After MERS outbreak, S. Korea to improve monitoring, quarantine protocol

September 1, 2015
The South Korean government hopes to better contain viral outbreaks after the difficulties it had with the recent MERS outbreak. (Yonhap)

The South Korean government hopes to better contain viral outbreaks after the difficulties it had with the recent MERS outbreak. (Yonhap)

SEOUL/SEJONG (Yonhap) — South Korea will set up a dedicated monitoring and response system and greatly increase quarantine infrastructure to effectively cope with future contagious outbreaks, the government said Tuesday.

The plan reached at the national policy coordination meeting chaired by Prime Minister Hwang Kyo-ahn calls for an overhaul of the country’s ability to respond to medical emergencies that was proven woefully inadequate in containing the recent Middle East Respiratory Syndrome (MERS) outbreak.

After the first confirmed case on May 20, the respiratory illness spread quickly, mostly through hospitals, resulting in the deaths of 36 people. A total of 186 people were infected by the MERS-inducing virus, with the last case being reported on July 4.

“The lack of knowledge, medical experts and training prevented health authorities from containing MERS in the early stages,” said Health Minister Chung Chin-youb. He said the government will look into all shortcomings detected and make necessary changes.

As part of the changes, the country will set up a 24-hour Emergency Operations Center (EOC) that will keep track of all suspected contagious disease cases and be ready to dispatch quarantine officials, and civilian medical experts to the site of a possible outbreak. The government will also have a specialized risk communication office to facilitate the flow of timely and accurate information to the public and between medical institutions, and work with international health agencies to keep abreast of all contagious disease outbreaks abroad.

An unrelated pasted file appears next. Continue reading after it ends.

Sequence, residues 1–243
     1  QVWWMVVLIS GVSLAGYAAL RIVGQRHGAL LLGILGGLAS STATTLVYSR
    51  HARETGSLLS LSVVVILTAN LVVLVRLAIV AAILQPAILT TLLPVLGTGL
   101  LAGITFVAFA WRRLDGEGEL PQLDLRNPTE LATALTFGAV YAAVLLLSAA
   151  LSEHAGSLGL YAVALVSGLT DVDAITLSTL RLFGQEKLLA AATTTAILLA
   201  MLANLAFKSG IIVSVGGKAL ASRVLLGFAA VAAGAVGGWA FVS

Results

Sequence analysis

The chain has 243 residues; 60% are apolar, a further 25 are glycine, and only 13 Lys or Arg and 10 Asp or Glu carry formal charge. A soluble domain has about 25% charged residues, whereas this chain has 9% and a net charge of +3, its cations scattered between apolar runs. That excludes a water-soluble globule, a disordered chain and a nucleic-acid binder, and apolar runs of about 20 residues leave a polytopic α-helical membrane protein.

Seoul, moreover, will appoint a vice minister official to head the Korea Centers for Disease Control and Prevention (KCDC) that can give the agency greater ability to coordinate in emergency situations. At present the public safety and health agency chief is a deputy ministerial position.

The government then said that measures will be taken to revamp the four-tiered alert system so the prime minister and related ministries can get involved early on in case of an outbreak. It added that funds will be made available to have enough negative pressure isolation rooms to treat 1,500 patients at once by 2025. All general hospital with more than 300 beds will be required to have negative pressure rooms that are effective in controlling respiratory-related contagious diseases.

Besides such measures, the government will reform the way general hospitals operate overcrowded emergency rooms and better regulate visiting hours for patients.

People showing symptoms of contagious disease will be kept in separate quarantine rooms, with efforts being made to prevent non-critical patients from using emergency rooms.

The country’s hospitals took flak for playing a part in the transmitting of MERS. The Korean tradition of visiting friends and relatives at hospitals came under scrutiny as well, since these people became infected and helped spread MERS.

The government, meanwhile, said it will expand research and development on contagious diseases, maintain a comprehensive database on illnesses. It said measures will be taken to increase expert medical personnel like epidemiologists that can permit the country to deal with emergencies.